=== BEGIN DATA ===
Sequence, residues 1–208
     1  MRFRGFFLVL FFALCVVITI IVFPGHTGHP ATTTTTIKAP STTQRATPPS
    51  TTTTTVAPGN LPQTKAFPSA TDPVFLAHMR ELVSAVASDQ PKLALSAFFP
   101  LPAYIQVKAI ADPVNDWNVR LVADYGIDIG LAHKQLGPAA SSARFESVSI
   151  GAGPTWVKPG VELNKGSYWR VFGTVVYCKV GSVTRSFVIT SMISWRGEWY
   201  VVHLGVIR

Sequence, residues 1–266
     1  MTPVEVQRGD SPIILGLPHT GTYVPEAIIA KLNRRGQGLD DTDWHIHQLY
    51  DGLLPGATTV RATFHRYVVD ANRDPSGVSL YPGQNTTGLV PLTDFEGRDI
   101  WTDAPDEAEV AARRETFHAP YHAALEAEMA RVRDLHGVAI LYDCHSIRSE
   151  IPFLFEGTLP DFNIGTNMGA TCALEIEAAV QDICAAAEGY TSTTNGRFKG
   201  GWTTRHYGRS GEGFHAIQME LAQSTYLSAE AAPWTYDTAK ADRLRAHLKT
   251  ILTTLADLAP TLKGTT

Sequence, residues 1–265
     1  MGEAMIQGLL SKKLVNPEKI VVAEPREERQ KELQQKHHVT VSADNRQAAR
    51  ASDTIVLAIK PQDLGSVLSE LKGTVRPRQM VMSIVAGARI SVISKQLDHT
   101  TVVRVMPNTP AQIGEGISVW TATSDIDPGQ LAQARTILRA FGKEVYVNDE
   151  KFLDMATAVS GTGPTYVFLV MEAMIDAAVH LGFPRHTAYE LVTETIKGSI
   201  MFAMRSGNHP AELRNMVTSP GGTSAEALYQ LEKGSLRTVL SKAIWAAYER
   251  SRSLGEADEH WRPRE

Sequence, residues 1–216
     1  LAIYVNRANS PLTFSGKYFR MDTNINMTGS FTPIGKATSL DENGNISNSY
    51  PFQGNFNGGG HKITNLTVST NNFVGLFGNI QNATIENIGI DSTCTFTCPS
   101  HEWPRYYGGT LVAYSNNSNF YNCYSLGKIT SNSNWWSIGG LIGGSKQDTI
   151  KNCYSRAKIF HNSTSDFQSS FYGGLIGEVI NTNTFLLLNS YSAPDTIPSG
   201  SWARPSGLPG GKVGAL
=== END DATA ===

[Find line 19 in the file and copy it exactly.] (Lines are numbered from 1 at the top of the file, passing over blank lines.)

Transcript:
   201  MFAMRSGNHP AELRNMVTSP GGTSAEALYQ LEKGSLRTVL SKAIWAAYER